The People Make The Difference

Kathy isn’t the only long-time employee at the center. “Some of us have been here since the start of the center, for nearly 22 years, and many others have been here 15 or more years,” she said. “That longevity and continuity is so important for the children.”

Sally Gilotti from Communication and Public Affairs says her daughter adores the care providers at the center. “She’s always saying ‘Miss Hali [head teacher Hali Dashti] says we should wash our hands’ or ‘Miss Hali says we should be kind to each other,’ I love that she has these other grown-ups in her life who support what we are doing at home.”

Kathy also appreciates the diversity of her staff, which she believes is an important example for the children. “We have staff, and families, from all over the world. It helps us be a part of that global engagement we emphasize at Lehigh."

Mary Kay Baker reads to preschoolers at the Lehigh University Child Care CenterA Living Laboratory And A Cure For The Homesick Blues

The center benefits the university in other ways as well. For instance, graduate students from the College of Education sometimes conduct research and studies with the children. Psychology students come in and observe the children to see the different stages of social development. The center also works with the Sociology Department. Parental permission is always obtained before research or observation takes place.

Lehigh students also work in the center, and Kathy says this is a good opportunity for some who are considering careers in education. “The real world experience with the children can either cement their interest or help them decide it’s not for them,” she said. “We also have workers who say being here among families helps stave off their homesickness.”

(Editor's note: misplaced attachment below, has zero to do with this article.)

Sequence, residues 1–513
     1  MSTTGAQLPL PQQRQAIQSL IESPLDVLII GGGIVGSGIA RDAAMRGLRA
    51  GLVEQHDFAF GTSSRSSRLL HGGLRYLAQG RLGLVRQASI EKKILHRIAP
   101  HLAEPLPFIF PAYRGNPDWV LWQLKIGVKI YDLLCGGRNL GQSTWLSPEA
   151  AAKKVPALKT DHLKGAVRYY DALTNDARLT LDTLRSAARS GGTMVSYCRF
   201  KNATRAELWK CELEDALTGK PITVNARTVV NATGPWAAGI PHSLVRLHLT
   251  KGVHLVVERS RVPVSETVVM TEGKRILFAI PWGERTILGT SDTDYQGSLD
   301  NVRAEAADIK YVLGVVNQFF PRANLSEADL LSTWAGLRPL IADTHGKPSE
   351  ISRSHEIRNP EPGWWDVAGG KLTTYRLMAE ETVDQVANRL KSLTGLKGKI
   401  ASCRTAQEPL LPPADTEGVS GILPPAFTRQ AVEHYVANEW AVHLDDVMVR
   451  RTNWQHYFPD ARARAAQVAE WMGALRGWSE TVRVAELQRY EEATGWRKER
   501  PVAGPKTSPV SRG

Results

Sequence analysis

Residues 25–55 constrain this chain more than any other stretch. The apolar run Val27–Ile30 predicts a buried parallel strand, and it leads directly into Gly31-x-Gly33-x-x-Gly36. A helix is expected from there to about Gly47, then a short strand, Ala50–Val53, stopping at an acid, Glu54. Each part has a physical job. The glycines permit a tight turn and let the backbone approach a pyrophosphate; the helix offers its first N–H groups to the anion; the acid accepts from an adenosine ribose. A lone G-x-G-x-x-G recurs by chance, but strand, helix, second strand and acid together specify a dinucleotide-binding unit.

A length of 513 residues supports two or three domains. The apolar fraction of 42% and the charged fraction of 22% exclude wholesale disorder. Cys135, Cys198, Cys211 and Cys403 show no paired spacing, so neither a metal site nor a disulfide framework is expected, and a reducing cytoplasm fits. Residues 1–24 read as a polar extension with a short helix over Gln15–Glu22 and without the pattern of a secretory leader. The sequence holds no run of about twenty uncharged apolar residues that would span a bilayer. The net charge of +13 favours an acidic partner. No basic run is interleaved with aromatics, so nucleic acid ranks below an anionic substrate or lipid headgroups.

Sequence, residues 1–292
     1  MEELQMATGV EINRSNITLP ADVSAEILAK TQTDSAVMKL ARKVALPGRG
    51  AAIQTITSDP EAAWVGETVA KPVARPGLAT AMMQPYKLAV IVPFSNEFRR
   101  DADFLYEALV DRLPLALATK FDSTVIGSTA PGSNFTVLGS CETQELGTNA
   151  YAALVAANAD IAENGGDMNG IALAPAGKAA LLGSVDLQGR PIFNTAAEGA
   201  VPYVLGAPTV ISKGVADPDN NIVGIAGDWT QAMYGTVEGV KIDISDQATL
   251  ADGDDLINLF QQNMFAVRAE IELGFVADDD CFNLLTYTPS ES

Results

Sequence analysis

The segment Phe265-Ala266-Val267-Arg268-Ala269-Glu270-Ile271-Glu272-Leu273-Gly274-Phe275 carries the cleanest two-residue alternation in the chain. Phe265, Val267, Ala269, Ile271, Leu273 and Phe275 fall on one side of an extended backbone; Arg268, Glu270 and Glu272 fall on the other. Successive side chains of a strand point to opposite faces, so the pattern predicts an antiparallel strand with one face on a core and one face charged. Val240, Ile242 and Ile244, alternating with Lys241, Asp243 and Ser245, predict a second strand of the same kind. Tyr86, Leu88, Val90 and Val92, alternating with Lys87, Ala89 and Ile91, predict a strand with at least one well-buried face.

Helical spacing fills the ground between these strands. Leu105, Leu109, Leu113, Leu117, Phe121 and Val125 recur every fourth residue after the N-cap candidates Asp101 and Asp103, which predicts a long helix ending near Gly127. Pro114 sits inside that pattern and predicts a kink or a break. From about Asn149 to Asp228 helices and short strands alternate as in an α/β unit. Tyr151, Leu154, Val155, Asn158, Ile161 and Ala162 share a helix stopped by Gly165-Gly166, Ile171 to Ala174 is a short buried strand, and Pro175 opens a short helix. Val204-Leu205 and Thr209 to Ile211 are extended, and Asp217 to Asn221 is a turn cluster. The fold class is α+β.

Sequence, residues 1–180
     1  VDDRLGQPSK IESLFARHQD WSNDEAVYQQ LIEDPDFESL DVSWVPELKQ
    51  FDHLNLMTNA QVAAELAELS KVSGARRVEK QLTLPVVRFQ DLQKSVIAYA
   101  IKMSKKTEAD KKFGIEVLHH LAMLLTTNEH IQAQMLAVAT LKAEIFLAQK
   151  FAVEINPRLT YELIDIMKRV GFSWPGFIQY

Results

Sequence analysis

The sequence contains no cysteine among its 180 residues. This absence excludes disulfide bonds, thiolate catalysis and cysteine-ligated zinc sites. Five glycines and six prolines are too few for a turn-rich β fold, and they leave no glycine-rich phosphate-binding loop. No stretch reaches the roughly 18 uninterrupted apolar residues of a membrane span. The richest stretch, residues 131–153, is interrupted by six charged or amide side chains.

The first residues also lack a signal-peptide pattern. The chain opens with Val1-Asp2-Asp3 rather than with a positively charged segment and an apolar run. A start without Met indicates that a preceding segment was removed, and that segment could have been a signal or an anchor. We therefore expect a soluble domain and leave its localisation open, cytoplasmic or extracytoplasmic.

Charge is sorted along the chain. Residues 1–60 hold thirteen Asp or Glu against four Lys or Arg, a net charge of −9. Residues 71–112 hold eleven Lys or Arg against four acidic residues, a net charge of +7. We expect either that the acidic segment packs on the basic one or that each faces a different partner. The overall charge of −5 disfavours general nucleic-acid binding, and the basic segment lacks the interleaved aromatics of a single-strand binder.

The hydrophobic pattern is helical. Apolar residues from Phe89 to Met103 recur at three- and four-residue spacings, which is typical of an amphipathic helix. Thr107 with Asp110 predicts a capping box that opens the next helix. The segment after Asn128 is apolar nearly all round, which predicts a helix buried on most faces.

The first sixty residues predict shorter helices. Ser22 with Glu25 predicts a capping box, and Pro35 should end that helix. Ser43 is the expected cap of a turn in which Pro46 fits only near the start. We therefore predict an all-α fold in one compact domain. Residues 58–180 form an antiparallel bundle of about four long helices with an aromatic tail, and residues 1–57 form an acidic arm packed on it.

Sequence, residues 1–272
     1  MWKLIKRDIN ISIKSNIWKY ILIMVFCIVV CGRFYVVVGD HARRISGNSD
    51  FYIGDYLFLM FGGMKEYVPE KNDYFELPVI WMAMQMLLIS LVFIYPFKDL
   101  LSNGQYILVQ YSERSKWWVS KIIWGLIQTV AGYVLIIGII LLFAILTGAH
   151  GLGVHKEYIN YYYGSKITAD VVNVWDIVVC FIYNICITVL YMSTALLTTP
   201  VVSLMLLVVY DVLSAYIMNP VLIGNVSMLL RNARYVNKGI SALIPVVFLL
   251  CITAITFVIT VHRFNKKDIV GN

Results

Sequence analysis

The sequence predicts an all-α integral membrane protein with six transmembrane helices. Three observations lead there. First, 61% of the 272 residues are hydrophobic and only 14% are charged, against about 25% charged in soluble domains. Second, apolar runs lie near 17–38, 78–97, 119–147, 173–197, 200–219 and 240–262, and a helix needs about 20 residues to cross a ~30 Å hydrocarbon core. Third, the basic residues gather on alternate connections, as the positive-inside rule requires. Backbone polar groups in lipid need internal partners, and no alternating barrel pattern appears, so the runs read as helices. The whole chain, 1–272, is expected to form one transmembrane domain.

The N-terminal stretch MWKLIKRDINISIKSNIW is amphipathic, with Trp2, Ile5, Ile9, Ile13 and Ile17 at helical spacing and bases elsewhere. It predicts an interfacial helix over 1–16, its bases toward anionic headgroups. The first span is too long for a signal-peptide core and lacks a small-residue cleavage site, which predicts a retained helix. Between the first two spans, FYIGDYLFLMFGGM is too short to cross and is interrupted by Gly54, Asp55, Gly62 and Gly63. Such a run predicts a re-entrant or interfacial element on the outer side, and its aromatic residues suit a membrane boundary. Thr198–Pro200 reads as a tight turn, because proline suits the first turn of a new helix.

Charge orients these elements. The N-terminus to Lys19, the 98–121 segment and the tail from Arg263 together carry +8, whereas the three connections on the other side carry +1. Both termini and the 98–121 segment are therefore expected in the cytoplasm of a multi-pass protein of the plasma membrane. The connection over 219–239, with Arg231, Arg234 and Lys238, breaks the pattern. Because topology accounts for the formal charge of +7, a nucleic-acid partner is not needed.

Opportunities For Involvement

The Child Care Center welcomes involvement from the campus community. The men’s lacrosse team has started paying regular visits to the center, engaging the pre-schoolers in fitness activities.  Head Coach Kevin Cassese was looking for community service opportunities for his athletes, and the partnership is going well. Kathy is hopeful that even more teams will get involved in the future.

David Joseph, executive director of Student Auxiliary Services (the department that oversees the center) recently started a faculty and staff reading program that has been well received by both the volunteer readers and the children. Laura Bachman and Mary Kay Baker from Conference Services joined him recently on a visit to read to toddlers and preschoolers. They enjoyed it at least as much as the kids.

“It’s always entertaining,” Laura said, “It’s a good break in the day for us, and it’s good for the kids to meet different people.”

David Joseph reads to toddlers at the LU Child Care CenterMary Kay agreed, “I would encourage other people to do it.  It only takes ten or so minutes and you can really feel good about what you’re doing.”

After reading Goodnight Gorilla to a table of appreciative toddlers, David made the rounds of the center, checking on furniture needs and greeting staff. Having oversight of the child care center just might be his favorite part of his job at Lehigh.

“Kathy can always tell if I’m having a bad day,” he said, “because I show up here unannounced to watch the little kids playing and running around, or maybe hold a baby. It’s a real lift.”